The protection device 100 also illustrates a configuration in which the second pad 62 is further connected to the fourth p-type active area 83d. Connecting the second pad 62 in this manner can be used to control the electrical potential of the bases of the first and second NPN bipolar transistors 65a, 65b shown in FIG. 3B and to lower base-emitter resistance, which can lead to an increase in the forward trigger voltage of the protection device 100 of FIG. 4 relative to the forward trigger voltage of the protection device 80 of FIG. 3B when the first pad 61 is stressed positive relative to the second pad 62. Connecting the protection device 100 in this manner can provide a high voltage tolerant protection device while maintaining fast response time during transient stress conditions.

FIG. 5 is a cross section view of another embodiment of a protection device 110 in which the third p-well 82c has been configured to be electrically floating. The protection device 110 of FIG. 5 is similar to the protection device 80 of FIG. 3B, except that the protection device 110 of FIG. 5 illustrates a configuration in which the fourth p-type active area 83d and the fifth n-type active area 85e have been omitted. Configuring the protection device 110 in this manner can increase the size of the emitter of the first and second NPN bipolar transistors 65a, 65b shown in FIG. 3B, thereby enhancing current handling capability of the device. Additionally, by omitting the fourth p-type active area 83d and the fifth n-type active area 85e, the protection device 110 can be configured to have a smaller area.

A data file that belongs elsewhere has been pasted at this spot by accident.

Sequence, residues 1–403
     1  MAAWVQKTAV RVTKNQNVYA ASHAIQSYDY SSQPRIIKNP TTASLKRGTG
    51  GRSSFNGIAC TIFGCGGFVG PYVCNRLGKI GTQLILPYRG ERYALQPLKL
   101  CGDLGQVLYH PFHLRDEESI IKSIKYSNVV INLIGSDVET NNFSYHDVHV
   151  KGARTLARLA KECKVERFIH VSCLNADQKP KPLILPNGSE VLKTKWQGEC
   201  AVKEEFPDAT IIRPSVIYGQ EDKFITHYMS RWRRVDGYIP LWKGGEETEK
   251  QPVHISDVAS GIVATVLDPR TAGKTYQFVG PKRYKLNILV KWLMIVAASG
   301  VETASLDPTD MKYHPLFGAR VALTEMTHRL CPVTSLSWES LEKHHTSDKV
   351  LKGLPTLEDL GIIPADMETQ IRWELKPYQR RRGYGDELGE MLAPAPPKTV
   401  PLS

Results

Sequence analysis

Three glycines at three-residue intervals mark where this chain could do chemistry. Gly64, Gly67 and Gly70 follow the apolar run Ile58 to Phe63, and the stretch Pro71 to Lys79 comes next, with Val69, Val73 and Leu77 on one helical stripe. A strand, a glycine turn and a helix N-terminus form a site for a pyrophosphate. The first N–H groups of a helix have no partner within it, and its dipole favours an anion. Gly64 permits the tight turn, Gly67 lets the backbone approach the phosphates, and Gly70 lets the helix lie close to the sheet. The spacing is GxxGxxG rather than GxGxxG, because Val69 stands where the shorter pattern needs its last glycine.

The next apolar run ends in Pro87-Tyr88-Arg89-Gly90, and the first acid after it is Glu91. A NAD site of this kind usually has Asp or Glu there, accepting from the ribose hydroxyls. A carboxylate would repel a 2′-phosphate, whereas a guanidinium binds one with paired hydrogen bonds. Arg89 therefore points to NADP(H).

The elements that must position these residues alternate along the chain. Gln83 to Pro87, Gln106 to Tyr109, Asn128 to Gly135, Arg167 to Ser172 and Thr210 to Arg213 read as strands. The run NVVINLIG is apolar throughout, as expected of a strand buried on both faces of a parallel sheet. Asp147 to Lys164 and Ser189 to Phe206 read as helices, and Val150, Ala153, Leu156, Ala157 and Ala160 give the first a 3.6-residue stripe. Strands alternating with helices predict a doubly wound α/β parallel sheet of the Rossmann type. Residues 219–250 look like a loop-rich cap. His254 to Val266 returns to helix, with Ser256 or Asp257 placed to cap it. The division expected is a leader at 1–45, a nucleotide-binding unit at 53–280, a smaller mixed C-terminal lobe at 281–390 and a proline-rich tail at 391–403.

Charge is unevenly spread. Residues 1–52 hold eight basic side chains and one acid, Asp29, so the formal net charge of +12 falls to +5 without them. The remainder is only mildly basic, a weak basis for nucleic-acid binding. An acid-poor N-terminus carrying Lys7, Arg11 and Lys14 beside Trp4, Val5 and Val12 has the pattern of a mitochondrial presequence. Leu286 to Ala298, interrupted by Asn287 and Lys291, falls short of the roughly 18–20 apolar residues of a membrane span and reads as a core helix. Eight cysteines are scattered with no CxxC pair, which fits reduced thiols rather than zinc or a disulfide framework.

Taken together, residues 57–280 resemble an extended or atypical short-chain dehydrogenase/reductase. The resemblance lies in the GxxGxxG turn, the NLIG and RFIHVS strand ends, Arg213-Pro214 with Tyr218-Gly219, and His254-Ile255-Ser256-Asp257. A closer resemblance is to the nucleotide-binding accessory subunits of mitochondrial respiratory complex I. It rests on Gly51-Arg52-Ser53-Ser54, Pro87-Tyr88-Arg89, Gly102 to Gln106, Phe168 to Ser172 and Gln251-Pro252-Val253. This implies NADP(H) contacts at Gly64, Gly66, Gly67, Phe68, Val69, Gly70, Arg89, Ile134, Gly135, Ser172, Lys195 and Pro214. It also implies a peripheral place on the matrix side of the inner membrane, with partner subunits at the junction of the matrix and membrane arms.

FIG. 6A is a schematic perspective of a protection device 120 according to another embodiment. The protection device 120 includes the p-type substrate 81, the first to fifth p-wells 82a-82e, the first to fourth n-wells 84a-84d, the oxide regions 88, and the n-type isolation layer 89, which can be as described earlier with respect to FIG. 3A. The protection device 120 further includes first to eighth p-type active areas 123a-123h, first to seventh n-type active areas 125a-125g, first to fourth gate oxide layers 126a-126d, and first to fourth gate regions 127a-127d.